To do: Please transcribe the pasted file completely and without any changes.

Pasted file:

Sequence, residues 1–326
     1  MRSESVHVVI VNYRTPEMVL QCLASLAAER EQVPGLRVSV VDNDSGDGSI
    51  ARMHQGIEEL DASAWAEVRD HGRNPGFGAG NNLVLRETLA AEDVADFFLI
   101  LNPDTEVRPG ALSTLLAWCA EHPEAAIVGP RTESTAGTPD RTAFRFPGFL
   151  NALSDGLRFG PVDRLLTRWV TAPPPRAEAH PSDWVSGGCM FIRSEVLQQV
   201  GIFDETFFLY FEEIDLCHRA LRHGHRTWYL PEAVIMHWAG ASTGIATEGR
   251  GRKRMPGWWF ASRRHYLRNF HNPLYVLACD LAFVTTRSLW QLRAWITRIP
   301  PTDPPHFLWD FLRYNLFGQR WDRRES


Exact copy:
Sequence, residues 1–326
     1  MRSESVHVVI VNYRTPEMVL QCLASLAAER EQVPGLRVSV VDNDSGDGSI
    51  ARMHQGIEEL DASAWAEVRD HGRNPGFGAG NNLVLRETLA AEDVADFFLI
   101  LNPDTEVRPG ALSTLLAWCA EHPEAAIVGP RTESTAGTPD RTAFRFPGFL
   151  NALSDGLRFG PVDRLLTRWV TAPPPRAEAH PSDWVSGGCM FIRSEVLQQV
   201  GIFDETFFLY FEEIDLCHRA LRHGHRTWYL PEAVIMHWAG ASTGIATEGR
   251  GRKRMPGWWF ASRRHYLRNF HNPLYVLACD LAFVTTRSLW QLRAWITRIP
   301  PTDPPHFLWD FLRYNLFGQR WDRRES